Jobs Data Dampers Q1 Rate Cut Odds

While the leading indicators of employment continue to point to a slowdown, coincident indicators like U.S. nonfarm payrolls and ADP employment data continue to surprise to the upside. For stock market bulls, that may be bad news as it takes hopes of a first-quarter rate cut off the table. 😞

As we’ve discussed, much of the market’s recent rally has come on the back of hopes that the Federal Reserve will cut rates as much as six times in 2024. Disinflation continues across most major metrics, but a tight labor market has kept consumers spending and the economy humming along. As a result, Jerome Powell and the Fed have been hesitant to loosen financial conditions too quickly.

Today’s nonfarm payroll data showed that employers added 216,000 jobs for December, up from November’s 173,000 and better than the 170,000 economists anticipated. The unemployment rate also held steady at 3.7%. πŸ§‘β€πŸ’Ό

While a monthly average of 225,000 jobs created in 2023 is down from 399,000 per month in 2022, the low unemployment rate and strong job creation describe a labor market that just won’t quit. With that said, the labor force continues to reconstitute itself. Industries like technology that overhired during the pandemic are shedding jobs and those that underhired (or overfired), like travel/leisure, are still hiring. πŸ“Š

The ratio of available jobs to available workers remains at 1.4:1, keeping upward pressure on wages. Average hourly earnings topped expectations in December, rising 0.4% MoM and 4.1% YoY. While that number continues to trend lower, its pace of decline is slower than the Fed had anticipated.

As a result of strong hiring and decent wage growth, the Fed is unlikely to risk inflation roaring back by loosening financial conditions too quickly. Jerome Powell and the other FOMC members have been quite clear on that, so the market is having to adjust its rate cut expectations a little.

That’s why the stock market is having trouble so far this year. A strong labor market means financial conditions remain tight for the near future, which means pressure on stock market earnings and the multiple investors are willing to pay for those earnings. It also puts a damper on other long-dated risk assets like crypto. 🧯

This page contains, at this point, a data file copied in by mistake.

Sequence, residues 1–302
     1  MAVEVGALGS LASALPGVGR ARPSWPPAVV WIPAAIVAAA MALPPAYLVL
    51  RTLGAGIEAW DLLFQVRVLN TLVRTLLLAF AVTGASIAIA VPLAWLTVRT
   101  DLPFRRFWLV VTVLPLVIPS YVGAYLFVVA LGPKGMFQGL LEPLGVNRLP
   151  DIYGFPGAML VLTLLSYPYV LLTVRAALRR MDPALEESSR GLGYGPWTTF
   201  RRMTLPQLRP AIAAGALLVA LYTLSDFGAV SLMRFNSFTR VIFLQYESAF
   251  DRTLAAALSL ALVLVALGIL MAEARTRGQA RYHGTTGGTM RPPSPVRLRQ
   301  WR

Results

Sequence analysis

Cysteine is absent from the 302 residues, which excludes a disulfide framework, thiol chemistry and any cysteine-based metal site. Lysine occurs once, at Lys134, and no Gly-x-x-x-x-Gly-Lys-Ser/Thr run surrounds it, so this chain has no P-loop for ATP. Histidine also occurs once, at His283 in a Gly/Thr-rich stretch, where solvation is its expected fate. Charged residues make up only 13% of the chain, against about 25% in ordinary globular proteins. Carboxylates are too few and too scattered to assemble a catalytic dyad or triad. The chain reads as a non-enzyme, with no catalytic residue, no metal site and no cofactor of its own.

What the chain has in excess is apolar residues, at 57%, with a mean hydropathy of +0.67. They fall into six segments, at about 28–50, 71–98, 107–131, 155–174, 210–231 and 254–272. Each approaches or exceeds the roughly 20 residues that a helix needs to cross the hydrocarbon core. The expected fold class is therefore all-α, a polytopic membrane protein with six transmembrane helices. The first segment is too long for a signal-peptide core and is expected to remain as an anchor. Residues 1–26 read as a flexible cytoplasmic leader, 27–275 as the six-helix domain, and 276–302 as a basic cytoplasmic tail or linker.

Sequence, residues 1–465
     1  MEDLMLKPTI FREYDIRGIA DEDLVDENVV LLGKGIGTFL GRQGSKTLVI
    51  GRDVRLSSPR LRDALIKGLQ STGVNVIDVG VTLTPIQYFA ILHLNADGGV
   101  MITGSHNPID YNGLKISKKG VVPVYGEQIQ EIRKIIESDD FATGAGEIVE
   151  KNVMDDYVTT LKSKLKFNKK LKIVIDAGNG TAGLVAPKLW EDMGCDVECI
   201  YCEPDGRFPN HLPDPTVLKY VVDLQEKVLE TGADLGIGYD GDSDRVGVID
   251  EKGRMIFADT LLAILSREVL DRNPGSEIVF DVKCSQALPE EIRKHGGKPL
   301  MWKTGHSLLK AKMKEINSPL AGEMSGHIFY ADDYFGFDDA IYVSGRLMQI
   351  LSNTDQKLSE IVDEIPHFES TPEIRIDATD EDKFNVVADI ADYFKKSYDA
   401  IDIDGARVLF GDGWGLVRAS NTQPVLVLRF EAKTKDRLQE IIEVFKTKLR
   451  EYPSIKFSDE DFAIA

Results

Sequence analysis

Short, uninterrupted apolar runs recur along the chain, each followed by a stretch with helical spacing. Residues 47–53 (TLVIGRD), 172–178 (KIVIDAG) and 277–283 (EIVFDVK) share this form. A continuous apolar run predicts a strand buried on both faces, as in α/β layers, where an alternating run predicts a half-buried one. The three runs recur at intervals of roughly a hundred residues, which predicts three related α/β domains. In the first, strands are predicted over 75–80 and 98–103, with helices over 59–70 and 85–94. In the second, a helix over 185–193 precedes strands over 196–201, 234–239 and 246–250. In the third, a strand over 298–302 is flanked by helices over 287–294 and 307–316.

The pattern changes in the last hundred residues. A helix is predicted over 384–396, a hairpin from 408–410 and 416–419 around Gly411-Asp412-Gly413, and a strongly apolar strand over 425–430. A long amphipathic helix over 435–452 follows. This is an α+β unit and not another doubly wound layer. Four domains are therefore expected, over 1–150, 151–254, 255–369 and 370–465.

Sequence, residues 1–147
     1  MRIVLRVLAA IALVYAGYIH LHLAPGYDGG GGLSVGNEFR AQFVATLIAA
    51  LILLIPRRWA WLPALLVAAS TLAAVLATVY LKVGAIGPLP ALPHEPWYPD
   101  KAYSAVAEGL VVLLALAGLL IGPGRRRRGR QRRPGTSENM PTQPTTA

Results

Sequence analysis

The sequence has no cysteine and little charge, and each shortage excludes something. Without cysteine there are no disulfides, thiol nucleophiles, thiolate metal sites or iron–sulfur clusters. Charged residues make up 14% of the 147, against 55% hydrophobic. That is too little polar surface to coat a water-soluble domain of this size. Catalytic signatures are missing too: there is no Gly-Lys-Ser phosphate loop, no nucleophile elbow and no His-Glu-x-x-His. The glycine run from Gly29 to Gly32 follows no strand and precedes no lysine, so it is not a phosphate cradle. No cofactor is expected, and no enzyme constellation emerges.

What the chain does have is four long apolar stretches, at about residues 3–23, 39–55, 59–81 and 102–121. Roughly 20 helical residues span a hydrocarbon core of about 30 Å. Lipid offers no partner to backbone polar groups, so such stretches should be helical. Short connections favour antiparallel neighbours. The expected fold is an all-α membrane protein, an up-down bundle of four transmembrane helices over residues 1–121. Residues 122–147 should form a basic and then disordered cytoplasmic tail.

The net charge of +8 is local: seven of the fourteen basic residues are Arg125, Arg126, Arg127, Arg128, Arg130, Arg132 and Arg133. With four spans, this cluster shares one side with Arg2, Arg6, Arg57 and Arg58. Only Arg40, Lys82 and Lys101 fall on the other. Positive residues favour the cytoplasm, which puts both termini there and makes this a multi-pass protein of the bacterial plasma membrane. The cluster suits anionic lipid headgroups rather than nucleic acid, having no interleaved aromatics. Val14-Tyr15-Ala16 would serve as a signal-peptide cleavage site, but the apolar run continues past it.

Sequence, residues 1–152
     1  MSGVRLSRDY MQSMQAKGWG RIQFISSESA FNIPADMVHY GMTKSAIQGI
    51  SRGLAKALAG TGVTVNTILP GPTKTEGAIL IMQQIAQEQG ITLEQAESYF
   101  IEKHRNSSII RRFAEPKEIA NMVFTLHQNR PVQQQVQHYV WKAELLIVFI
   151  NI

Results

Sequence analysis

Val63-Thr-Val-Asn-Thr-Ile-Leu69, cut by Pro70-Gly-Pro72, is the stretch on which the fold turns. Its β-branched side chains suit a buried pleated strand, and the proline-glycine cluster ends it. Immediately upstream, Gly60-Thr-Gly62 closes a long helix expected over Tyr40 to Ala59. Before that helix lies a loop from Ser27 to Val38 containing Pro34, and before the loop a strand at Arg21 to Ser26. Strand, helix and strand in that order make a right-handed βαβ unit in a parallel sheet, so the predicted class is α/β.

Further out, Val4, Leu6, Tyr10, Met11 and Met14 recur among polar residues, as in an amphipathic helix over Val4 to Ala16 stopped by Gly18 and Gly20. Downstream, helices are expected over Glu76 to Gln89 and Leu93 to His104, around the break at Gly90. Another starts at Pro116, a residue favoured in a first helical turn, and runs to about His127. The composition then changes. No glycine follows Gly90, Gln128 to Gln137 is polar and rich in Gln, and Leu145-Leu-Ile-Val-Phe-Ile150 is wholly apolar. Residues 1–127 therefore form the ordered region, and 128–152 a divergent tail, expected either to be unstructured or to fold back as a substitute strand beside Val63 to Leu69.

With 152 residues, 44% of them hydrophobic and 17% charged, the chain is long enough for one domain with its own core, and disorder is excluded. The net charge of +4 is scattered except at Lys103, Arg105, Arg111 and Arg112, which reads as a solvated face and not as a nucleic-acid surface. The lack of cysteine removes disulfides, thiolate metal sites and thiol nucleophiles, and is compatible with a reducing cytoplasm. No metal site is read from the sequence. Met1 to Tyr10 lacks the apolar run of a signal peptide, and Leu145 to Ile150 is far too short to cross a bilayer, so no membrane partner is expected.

By this time next month, we’ll have another set of inflation and employment data, and the market will likely come to a definitive conclusion on its rate cut expectations. However, for now, the bond market seems to be holding out hope that a March rate cut is still possible…with Fed Fund Futures pricing in a 63% chance of a 25 bp cut. βœ‚οΈ

Given the recent data, that feels a bit too optimistic, but we’ll have to wait and see what the coming days and weeks bring. If they’re wrong, the stock market may be due for some more turbulence as it adjusts to reality.

We’ll keep you updated, but if you want to keep track of the market’s expectations on your own, you can do so with the CME’s FedWatch tool. 🧭

More in   Economy

View All

Strikes Expand To Vegas Workers

The battle between workers and employers continues, particularly in the service industry. Here’s some updated news on how it’s all shaking out. πŸ‘€

First, the United Auto Workers union said it will expand strikes at General Motors, Ford, and Stellantis plants if no significant progress is made by 10:00 a.m. ET Friday. The strikes currently involve about 12.5% of the UAW’s 146,000 members whose labor contracts expired two weeks ago. ❌

Read It

13,000 Auto Workers Strike

After failing to reach a deal with the “Big Three Automakers” before Thursday’s 11:59 p.m. deadline, the United Auto Workers (UAW) union officially launched its historic strike. Although there have been major strikes before, there has never been a strike against all three automakers at once. ❌

Combined, the automakers have 150,000 UAW-represented employees across their operations. For now, though, the strike is beginning at just one factory from each automaker, accounting for roughly 13,000 workers. However, union leaders say they could gradually expand the strike to additional plants (or all of them) if their demands are unmet.

Read It

Jobs: The Good, The Bad, And The Ugly

Jobs numbers today showed that the U.S. labor market is showing signs of cooling faster than an iced latte in a polar vortex. Analysts expected 180k, but the number came in lower at 150k, missing the mark like a North Korean rocket test. πŸ‘¨β€πŸš€

The Good πŸ˜ƒ

Read It

Diving Into December CPI

The market had been pricing in some aggressive rate cut expectations for 2024, looking for as many as six cuts from the Federal Reserve. However, with last month’s employment data coming in pretty strong, there is a lot of riding on the first month or two of data this year. πŸ“

Unfortunately for stock market bulls and rate-cut enthusiasts, today’s consumer price index (CPI) data did not help their case.

Read It